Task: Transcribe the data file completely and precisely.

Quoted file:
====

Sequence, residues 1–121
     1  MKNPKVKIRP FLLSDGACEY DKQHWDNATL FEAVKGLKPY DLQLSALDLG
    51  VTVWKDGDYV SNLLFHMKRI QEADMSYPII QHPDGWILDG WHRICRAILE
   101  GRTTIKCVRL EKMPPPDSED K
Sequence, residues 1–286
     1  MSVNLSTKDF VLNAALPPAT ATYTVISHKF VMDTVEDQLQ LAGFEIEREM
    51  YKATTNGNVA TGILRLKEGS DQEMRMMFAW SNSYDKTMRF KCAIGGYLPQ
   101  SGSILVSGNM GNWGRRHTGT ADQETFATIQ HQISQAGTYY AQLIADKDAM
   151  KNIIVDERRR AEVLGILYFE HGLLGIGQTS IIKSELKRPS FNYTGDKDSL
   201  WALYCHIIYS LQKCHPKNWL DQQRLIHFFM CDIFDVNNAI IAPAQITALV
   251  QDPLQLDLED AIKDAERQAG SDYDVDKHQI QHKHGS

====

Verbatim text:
Sequence, residues 1–121
     1  MKNPKVKIRP FLLSDGACEY DKQHWDNATL FEAVKGLKPY DLQLSALDLG
    51  VTVWKDGDYV SNLLFHMKRI QEADMSYPII QHPDGWILDG WHRICRAILE
   101  GRTTIKCVRL EKMPPPDSED K
Sequence, residues 1–286
     1  MSVNLSTKDF VLNAALPPAT ATYTVISHKF VMDTVEDQLQ LAGFEIEREM
    51  YKATTNGNVA TGILRLKEGS DQEMRMMFAW SNSYDKTMRF KCAIGGYLPQ
   101  SGSILVSGNM GNWGRRHTGT ADQETFATIQ HQISQAGTYY AQLIADKDAM
   151  KNIIVDERRR AEVLGILYFE HGLLGIGQTS IIKSELKRPS FNYTGDKDSL
   201  WALYCHIIYS LQKCHPKNWL DQQRLIHFFM CDIFDVNNAI IAPAQITALV
   251  QDPLQLDLED AIKDAERQAG SDYDVDKHQI QHKHGS